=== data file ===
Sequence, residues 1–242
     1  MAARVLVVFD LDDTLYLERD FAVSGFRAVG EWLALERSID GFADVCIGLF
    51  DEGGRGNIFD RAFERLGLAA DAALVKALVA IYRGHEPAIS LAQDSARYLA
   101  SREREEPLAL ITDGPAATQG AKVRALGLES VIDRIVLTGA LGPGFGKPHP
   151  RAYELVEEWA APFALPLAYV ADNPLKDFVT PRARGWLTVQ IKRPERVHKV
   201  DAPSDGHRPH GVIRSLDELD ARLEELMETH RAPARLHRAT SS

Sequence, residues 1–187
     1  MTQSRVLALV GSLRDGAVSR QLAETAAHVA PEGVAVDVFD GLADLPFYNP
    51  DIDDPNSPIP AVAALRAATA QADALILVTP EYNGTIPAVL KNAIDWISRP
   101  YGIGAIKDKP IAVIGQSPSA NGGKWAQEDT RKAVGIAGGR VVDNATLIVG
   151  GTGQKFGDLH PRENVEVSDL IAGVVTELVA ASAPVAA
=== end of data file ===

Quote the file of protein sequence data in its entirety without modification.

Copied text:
Sequence, residues 1–242
     1  MAARVLVVFD LDDTLYLERD FAVSGFRAVG EWLALERSID GFADVCIGLF
    51  DEGGRGNIFD RAFERLGLAA DAALVKALVA IYRGHEPAIS LAQDSARYLA
   101  SREREEPLAL ITDGPAATQG AKVRALGLES VIDRIVLTGA LGPGFGKPHP
   151  RAYELVEEWA APFALPLAYV ADNPLKDFVT PRARGWLTVQ IKRPERVHKV
   201  DAPSDGHRPH GVIRSLDELD ARLEELMETH RAPARLHRAT SS

Sequence, residues 1–187
     1  MTQSRVLALV GSLRDGAVSR QLAETAAHVA PEGVAVDVFD GLADLPFYNP
    51  DIDDPNSPIP AVAALRAATA QADALILVTP EYNGTIPAVL KNAIDWISRP
   101  YGIGAIKDKP IAVIGQSPSA NGGKWAQEDT RKAVGIAGGR VVDNATLIVG
   151  GTGQKFGDLH PRENVEVSDL IAGVVTELVA ASAPVAA